[44:15] Matt Hepburn: We'll definitely talk offline, probably momentarily. So, listen, I know that we can talk for a long, long time and I'm going to let the audience go because I know they have other podcasts they want to listen to as well. But I'm looking forward to inviting you back to the show and following up on GA4 and Local and whatever you're willing to bring to the show.

[44:40] Steve Erlich: I'd love to.

[44:41] Matt Hepburn: Yeah, fantastic. Well, listen, you have a wonderful day and we'll talk to you very soon.

[44:47] Steve Erlich: Sounds good. You too, Matt.

[44:48] Matt Hepburn: Awesome. Are you ready to break through and accelerate? How you learn SEO. Then please don't forget to subscribe to the podcast so you never miss an episode. You can subscribe on the podcast platform of your choice or join our email list at EMJpodcast.com so we can keep you up to date. This is The EMJ SEO Podcast with Matt Hepburn, and we'll see you next time.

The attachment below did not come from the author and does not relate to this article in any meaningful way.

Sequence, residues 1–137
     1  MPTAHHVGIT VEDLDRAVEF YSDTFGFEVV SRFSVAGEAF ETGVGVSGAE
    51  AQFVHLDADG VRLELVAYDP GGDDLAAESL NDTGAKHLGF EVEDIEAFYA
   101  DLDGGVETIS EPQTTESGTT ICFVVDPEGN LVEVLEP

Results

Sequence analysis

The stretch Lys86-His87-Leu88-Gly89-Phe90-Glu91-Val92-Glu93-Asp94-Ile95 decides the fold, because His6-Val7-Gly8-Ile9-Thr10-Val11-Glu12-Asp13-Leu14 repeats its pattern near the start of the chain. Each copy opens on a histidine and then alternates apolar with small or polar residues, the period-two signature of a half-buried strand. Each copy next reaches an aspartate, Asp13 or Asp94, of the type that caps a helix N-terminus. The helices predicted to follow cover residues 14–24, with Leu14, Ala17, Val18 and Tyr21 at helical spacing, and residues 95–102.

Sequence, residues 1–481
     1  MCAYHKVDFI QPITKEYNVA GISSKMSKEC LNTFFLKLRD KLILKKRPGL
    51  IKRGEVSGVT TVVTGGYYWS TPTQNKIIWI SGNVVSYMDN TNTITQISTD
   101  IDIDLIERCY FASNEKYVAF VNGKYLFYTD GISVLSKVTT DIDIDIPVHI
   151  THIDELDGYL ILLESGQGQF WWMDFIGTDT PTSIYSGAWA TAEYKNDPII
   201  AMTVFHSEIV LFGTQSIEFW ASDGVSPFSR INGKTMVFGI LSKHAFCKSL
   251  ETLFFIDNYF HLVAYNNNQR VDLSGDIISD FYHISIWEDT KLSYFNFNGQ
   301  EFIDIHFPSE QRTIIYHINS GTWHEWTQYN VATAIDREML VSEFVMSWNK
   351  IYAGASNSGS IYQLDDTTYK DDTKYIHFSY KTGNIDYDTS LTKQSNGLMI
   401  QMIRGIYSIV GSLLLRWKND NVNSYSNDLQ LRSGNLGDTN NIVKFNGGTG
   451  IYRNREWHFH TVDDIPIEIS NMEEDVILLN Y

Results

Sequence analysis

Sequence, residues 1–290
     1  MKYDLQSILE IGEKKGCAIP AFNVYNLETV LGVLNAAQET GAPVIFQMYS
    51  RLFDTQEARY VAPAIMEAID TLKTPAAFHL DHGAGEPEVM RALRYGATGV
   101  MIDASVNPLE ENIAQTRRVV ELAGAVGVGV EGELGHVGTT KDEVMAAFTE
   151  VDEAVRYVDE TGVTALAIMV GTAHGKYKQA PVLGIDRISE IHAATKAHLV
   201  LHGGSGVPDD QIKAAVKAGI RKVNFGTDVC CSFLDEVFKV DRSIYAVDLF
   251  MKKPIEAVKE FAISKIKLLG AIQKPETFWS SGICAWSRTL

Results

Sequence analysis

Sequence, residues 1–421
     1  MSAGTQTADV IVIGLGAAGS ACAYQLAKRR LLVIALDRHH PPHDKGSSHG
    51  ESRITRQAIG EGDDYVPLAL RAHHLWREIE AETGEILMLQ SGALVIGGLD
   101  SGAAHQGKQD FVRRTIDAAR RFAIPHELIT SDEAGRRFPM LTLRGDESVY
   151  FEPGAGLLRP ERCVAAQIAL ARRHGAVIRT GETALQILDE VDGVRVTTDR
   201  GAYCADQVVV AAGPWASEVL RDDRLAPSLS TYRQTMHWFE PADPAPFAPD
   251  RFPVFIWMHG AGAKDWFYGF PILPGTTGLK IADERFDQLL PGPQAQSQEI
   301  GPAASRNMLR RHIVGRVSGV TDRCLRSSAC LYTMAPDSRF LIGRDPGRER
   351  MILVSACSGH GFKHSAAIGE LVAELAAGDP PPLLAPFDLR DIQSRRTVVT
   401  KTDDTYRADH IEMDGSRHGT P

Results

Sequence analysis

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Author

  • Matt Hepburn

    Matt is the founder of The Focus Visibility Podcast. Matt has over 14 years of experience in search engine optimization. Matt has worked with various enterprise businesses, including Mend.io formerly (White Source Software), John Hancock USA, SEMrush, Commvault, and iCIMS. Matt has also worked in large and small agency environments, including Martindale Hubble, WebROI, and Search Interactions. Additionally, Matt brings 14 years of consulting on organic traffic issues that affect businesses.